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Book details
  • Genre:POETRY
  • SubGenre:Middle Eastern
  • Language:Persian
  • Pages:318
  • Format:Paperback
  • Paperback ISBN:9781098322007

Expressions of Love

A Thousand Years of Persian Poetry

by Hadi Bahar and Mojdeh Bahar

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Overview
Life and love are intertwined. In Persian poetry, the ecstatic joy of passionate love is inextricably linked to longing, heartache and loss  it's the thorn upon a rose or the shadow that follows the light. Love, lovers, and the beloved (both physical and spiritual) are prominent themes in Persian poetry. For over a thousand years, like facets upon the finest diamond, the heart-wrenching agony that accompanies a deep, passionate love and the loneliness that accompanies its departure, have been examined. The language of love is both simple and profound, universal and unexpected. Love knows no linguistic boundaries. Etymologically, ishq, the Persian word for love, likely originates from the Arabic Ishaqeh (meaning Ivy or Hedera, a plant with heart-shaped leaves that engulfs other plants); Ishaqeh thrives when it devours the object of its affection  passion itself leading to loss. Thematically, this compilation covers two categories of love, the debate between the head (aql), and the heart (ishq), longing, loss, and loneliness. Two approaches to love are manifest in Persian poetry: the corporal, romantic, earthly, or what some poets call "apparent love" (ishq-e-majazi) contrasted with the divine, or "real love" (ishq-e-haqiqi). While there is much debate about what defines love, and how to express its all-consuming power, neither of these approaches is able to offer a single irrefutable, thorough and distinct definition for love. In fact, some verses that may clearly depict physical love for some, are considered ultimate expressions of the divine by others. One of the most cited examples of this dual interpretation can be found in the poems of Hafez  the sacred and profane brought to life in his words.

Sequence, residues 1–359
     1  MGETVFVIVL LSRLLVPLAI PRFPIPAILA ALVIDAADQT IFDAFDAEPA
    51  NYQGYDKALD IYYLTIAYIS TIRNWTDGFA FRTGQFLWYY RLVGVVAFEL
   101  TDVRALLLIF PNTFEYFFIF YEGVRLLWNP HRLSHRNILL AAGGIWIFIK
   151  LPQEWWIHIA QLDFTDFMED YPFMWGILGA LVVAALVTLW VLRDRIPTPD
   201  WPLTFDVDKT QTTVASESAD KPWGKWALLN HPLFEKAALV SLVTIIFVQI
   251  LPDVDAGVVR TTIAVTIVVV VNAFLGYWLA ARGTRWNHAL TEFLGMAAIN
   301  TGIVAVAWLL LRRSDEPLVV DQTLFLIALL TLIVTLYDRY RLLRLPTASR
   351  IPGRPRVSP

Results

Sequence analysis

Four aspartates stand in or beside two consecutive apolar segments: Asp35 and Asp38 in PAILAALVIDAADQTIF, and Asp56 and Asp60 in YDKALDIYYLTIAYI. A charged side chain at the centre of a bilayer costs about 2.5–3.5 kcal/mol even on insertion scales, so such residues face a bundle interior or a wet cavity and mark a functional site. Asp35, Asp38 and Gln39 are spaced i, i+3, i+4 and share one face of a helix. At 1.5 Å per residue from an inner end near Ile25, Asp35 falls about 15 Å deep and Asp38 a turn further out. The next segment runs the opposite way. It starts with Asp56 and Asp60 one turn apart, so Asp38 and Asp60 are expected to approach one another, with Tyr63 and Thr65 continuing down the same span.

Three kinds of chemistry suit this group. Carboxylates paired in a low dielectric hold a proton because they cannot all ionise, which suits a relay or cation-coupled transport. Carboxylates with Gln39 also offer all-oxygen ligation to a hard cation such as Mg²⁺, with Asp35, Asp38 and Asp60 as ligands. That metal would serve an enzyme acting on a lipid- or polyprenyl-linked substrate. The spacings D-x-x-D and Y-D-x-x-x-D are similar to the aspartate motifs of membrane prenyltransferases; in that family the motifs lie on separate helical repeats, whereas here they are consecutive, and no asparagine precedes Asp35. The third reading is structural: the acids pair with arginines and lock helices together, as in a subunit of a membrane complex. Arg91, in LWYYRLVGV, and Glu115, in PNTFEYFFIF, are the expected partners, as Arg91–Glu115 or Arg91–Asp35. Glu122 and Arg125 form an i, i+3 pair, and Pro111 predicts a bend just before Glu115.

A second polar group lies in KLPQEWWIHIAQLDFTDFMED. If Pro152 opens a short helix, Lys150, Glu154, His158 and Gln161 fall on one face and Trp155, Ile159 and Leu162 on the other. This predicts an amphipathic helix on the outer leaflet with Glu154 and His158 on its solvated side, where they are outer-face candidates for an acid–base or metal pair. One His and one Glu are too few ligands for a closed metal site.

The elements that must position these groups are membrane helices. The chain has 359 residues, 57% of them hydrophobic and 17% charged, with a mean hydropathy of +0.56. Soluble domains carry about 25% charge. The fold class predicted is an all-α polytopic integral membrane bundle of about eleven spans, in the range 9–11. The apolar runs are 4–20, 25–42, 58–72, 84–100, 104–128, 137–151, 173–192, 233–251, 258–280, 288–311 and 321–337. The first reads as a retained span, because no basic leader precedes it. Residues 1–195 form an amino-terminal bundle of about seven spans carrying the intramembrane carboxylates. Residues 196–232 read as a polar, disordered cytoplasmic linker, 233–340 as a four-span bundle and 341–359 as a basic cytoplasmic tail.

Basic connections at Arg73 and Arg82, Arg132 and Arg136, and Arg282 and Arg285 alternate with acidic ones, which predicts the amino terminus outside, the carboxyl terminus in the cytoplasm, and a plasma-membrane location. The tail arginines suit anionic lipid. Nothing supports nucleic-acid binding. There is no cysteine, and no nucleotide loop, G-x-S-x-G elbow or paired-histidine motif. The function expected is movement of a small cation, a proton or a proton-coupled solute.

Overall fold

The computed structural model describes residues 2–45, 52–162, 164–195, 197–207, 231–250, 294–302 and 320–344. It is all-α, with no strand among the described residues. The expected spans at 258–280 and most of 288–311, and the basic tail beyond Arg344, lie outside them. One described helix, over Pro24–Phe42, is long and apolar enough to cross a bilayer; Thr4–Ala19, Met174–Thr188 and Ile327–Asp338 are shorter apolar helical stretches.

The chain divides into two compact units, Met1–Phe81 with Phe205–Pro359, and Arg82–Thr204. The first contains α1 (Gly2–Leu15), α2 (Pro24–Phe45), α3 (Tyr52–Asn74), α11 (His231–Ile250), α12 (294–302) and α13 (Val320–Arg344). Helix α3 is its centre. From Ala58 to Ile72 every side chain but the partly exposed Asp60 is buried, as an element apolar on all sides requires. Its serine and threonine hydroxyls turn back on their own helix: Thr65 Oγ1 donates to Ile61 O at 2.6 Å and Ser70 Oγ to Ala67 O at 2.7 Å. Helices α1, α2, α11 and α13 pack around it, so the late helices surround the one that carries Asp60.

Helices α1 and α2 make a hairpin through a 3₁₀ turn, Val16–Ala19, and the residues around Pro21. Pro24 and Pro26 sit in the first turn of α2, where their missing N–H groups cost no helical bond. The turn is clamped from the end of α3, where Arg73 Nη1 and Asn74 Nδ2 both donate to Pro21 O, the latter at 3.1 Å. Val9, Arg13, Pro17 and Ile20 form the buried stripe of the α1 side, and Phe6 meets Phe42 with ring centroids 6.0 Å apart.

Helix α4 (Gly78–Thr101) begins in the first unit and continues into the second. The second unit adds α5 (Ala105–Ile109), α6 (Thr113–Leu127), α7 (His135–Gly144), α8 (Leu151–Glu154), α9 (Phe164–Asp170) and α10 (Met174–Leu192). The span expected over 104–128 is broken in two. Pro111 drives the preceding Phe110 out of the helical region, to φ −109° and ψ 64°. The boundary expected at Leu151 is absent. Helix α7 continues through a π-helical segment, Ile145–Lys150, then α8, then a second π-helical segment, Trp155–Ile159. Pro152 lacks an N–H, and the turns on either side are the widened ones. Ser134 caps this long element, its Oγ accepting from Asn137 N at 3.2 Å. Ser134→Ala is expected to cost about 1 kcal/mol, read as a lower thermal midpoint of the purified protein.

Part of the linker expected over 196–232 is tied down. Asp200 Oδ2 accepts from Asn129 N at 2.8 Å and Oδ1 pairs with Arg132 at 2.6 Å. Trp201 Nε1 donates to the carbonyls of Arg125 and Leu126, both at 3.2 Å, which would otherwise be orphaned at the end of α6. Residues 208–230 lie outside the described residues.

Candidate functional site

Description
Life and love are intertwined. In Persian poetry, the ecstatic joy of passionate love is inextricably linked to longing, heartache and loss  it's the thorn upon a rose or the shadow that follows the light. Love, lovers, and the beloved (both physical and spiritual) are prominent themes in Persian poetry. For over a thousand years, like facets upon the finest diamond, the heart-wrenching agony that accompanies a deep, passionate love and the loneliness that accompanies its departure, have been examined. The language of love is both simple and profound, universal and unexpected. Love knows no linguistic boundaries. Etymologically, ishq, the Persian word for love, likely originates from the Arabic Ishaqeh (meaning Ivy or Hedera, a plant with heart-shaped leaves that engulfs other plants); Ishaqeh thrives when it devours the object of its affection  passion itself leading to loss. Thematically, this compilation covers two categories of love, the debate between the head (aql), and the heart (ishq), longing, loss, and loneliness. Two approaches to love are manifest in Persian poetry: the corporal, romantic, earthly, or what some poets call "apparent love" (ishq-e-majazi) contrasted with the divine, or "real love" (ishq-e-haqiqi). While there is much debate about what defines love, and how to express its all-consuming power, neither of these approaches is able to offer a single irrefutable, thorough and distinct definition for love. In fact, some verses that may clearly depict physical love for some, are considered ultimate expressions of the divine by others. One of the most cited examples of this dual interpretation can be found in the poems of Hafez  the sacred and profane brought to life in his words. Those who know the history of Persian poetry will find old flames rekindled; those who are new to these passionate verses will discover the first sparks of what we hope will be an eternal love. With each page you will be drawn into language that illuminates and inspires, language that reveals ineffable power and captures the essence of the human condition.
About the author
Hadi Bahar is a retired nuclear medicine specialist in Bethesda, Maryland.
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